You shouldn’t be. The difference in the bench is not so much the muscles used, but the way those muscles are used.


When comparing the incline vs flat bench for aesthetics, the incline bench press is going to be better. It gives you an overall more balanced and sculpted look – if that’s what you’re going for.

In the chest wall, the lower pec is naturally thicker than the upper pec. That means that the upper pec needs to be worked more than the lower. This gives a more pleasing look to the chest muscles.

Muscle Groups

The flat bench works more of the entire chest muscle. The incline bench press will work more of the upper muscle.

Why is this important?

Picture this. You’re in the gym, and nearby a powerlifter or bodybuilder is working out without a shirt on. You notice even though he is ripped, it almost looks like he has man boobs.

man boobs
Some bodybuilders have a hint of man boobs due to focusing on lower pec exercises.

Ever wondered why that is and how to avoid it?

Most of the time, this is caused by focusing too much on the lower pec using the flat bench press. The result is that the thinner upper pec is not worked as much as the lower pec. This causes the upper pec to not gain as much muscle mass as the lower pec.

What you then see visually is a more pronounced lower pec and an undefined upper pec.

Looking to get more defined chest muscles that look balanced? Then you will want to do more incline bench presses.


When comparing incline vs flat bench for weight, which do you think allows you to throw up more pounds?

If you think the incline bench, then you’d be wrong.

You actually are able to put up more weight when you are doing flat bench press workouts rather than using the incline bench.

Of course, with that increase in weights comes a greater chance of injury. Most shoulder injuries and torn pecs come from using the flat bench. People tend to overwork the muscles or put too much weight up without proper warm-up, causing injury.

shoulder injury
Keeping the correct form and warming up are prevention methods for shoulder injury.

Planning to do the flat bench press so you can increase your weight gains? Make sure you check out our tips at the end of this article to keep yourself safe and avoid injury.


Looking at the incline vs flat bench for strength, the flat bench will do a better job of providing overall chest strength.

If you are focused on bodybuilding and trying to decide in the incline vs flat bench is better, you’ll want to consider both.

Both exercises are important for improving your bodybuilder’s physique.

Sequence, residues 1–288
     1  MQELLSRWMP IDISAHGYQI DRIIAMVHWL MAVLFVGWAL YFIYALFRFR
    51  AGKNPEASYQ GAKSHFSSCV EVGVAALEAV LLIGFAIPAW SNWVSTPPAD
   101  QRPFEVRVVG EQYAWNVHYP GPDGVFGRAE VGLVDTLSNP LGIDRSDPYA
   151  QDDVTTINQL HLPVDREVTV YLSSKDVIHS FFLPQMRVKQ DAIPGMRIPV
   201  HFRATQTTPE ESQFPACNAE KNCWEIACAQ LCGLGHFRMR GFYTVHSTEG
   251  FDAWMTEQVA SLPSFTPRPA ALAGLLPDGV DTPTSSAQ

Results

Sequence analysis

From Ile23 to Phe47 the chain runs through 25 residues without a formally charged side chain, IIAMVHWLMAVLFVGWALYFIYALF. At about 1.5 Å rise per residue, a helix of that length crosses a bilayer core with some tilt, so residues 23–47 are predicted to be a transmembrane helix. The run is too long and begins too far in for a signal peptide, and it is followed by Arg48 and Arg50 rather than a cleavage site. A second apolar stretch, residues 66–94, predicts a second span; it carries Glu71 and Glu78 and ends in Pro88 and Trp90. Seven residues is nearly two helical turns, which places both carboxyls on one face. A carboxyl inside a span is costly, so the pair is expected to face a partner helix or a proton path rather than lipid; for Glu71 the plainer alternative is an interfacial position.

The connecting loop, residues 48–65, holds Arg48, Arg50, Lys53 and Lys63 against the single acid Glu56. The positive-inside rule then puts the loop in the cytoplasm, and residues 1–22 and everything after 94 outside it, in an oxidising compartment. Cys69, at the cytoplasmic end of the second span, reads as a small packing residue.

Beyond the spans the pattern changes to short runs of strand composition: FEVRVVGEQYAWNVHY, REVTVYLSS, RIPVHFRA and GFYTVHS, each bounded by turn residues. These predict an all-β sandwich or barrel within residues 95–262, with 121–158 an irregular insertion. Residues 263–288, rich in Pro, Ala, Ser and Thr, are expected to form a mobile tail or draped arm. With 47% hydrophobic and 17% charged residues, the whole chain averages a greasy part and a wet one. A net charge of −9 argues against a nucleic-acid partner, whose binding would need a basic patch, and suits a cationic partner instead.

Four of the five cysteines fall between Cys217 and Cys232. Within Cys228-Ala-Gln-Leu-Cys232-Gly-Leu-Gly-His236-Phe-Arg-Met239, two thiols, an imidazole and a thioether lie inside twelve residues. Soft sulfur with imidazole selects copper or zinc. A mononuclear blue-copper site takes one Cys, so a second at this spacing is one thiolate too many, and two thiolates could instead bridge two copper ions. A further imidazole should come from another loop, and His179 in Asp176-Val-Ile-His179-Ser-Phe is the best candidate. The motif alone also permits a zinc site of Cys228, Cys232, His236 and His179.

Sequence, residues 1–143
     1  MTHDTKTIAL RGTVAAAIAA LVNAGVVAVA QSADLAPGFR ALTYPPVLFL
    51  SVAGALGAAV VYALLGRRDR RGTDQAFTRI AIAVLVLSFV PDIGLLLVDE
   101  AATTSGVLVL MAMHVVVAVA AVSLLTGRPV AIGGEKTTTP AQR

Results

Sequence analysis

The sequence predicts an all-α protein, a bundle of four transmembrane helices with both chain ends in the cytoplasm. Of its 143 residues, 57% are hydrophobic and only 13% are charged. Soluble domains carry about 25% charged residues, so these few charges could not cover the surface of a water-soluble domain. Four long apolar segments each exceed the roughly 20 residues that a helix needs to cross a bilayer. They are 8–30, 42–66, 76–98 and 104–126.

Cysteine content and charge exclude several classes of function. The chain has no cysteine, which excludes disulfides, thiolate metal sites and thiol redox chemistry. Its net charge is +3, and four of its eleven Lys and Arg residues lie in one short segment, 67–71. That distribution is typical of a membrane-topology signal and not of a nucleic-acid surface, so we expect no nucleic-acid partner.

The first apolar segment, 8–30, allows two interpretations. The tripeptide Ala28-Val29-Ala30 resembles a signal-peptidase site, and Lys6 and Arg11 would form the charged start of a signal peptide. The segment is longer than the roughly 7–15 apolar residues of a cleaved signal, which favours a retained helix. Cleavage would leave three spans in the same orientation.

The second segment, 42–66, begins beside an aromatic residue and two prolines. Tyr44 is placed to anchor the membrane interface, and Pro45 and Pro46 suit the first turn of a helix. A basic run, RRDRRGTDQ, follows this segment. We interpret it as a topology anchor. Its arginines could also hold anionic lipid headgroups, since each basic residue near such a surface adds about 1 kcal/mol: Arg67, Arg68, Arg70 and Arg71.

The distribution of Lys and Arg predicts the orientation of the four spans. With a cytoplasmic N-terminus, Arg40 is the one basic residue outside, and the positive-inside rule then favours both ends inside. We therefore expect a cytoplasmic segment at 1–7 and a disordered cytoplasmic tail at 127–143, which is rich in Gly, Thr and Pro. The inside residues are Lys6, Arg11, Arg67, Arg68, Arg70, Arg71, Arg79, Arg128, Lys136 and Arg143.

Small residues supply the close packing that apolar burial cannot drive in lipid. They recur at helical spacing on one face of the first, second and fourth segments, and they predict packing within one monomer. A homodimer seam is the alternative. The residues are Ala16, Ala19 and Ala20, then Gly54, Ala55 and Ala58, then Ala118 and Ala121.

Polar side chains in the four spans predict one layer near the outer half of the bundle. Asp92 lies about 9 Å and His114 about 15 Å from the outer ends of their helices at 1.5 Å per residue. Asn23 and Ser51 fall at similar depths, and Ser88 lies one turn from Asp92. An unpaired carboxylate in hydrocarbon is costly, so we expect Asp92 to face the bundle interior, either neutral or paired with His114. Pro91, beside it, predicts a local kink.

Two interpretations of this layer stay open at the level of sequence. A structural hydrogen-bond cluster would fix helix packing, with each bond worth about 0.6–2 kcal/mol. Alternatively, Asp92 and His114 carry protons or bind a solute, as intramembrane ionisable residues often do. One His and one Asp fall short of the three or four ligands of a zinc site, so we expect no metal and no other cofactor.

The incline bench press benefits your workouts by offering a fuller range of motion while exercising over the flat bench. The superior range of motion provides better muscle gains and helps you reach your bodybuilding goals.

Varying your training is important when bodybuilding, and using both the incline and flat bench furthers your goals. This study shows similar chest and shoulder activation for competition style bench press and incline bench press. The incline presented better activation for biceps over triceps.

Incline Bench Angles

When using the incline bench press, you usually have two options. The gym will either have a stationary incline or a bench where you can adjust the angle.

Typically, you have the option to change the incline from a 0 degree angle up to 45 degrees. You can choose an interval of 15, 30 or 45 degrees. The difference you’ll notice when changing the incline ratio is a change in muscle activation.

Curious about what angle the incline bench should be for the best muscle activation?

Clinical Study

Fourteen resistance trained men in their early 20’s were studied to determine the optimal angle to bench press. Each completed a total of six reps at 0, 30, 45, and -15 degree angles. They all were tested by surface electromyography (sEMG) to determine muscle activation at different phases.

incline dumbbell curl
Each incline angle activates a different chest muscle.

Do you want to know what they determined is the optimal range for the greatest muscle activation? The results of the study showed an incline bench angle of 30 degrees or 45 degrees. For lower pec activation, 30 degrees is superior.

To go a step further, another study followed fifteen healthy men. They performed one rep of  chest press exercise at 0, 28, 44, and 56 degrees to compare muscle activation. The test was performed on the pectoralis major at the sternocostal head as well as the clavicular head. They also tested the anterior deltoid and used the same type of sEMG to test muscle activation.

Here are the best incline angles for each muscle:

  • Sternocostal head (lower pec) – 0 degrees
  • Clavicular head (upper pec) – 44 degrees
  • Anterior deltoid – 28 degrees

Results like these show that your incline angle matters when looking for muscle activation in specific areas of the chest. While the incline bench provides a greater availability of muscle activation, the flat bench is still necessary for a well rounded chest.

Which Should I Do First?

You might have noticed that some workout programs have you do incline before bench press.

Have you ever wondered what the reasoning is, or if it’s just a preference?

If you use both the incline and flat bench in your workout routine, you might be curious if using the incline or flat bench first is better.

Usually, any exercises that require the use of a bench will start with the flat bench press first. This is because you will be stronger on the flat bench press than the incline press. Also, the flat bench press is still the more popular exercise of the two movements.

Most programs require you to go beyond the point of failure if you are looking to increase your muscle mass. In order to do this, you’ll start out with the heaviest load you can until you max out. Once you’ve reached that point, you’ll switch to a lighter load and continue until you no longer can.

With this type of workout in mind, then using the incline bench first makes sense. You can load up with heavier weights in the beginning. Then, switch to the lighter weights on the flat bench press.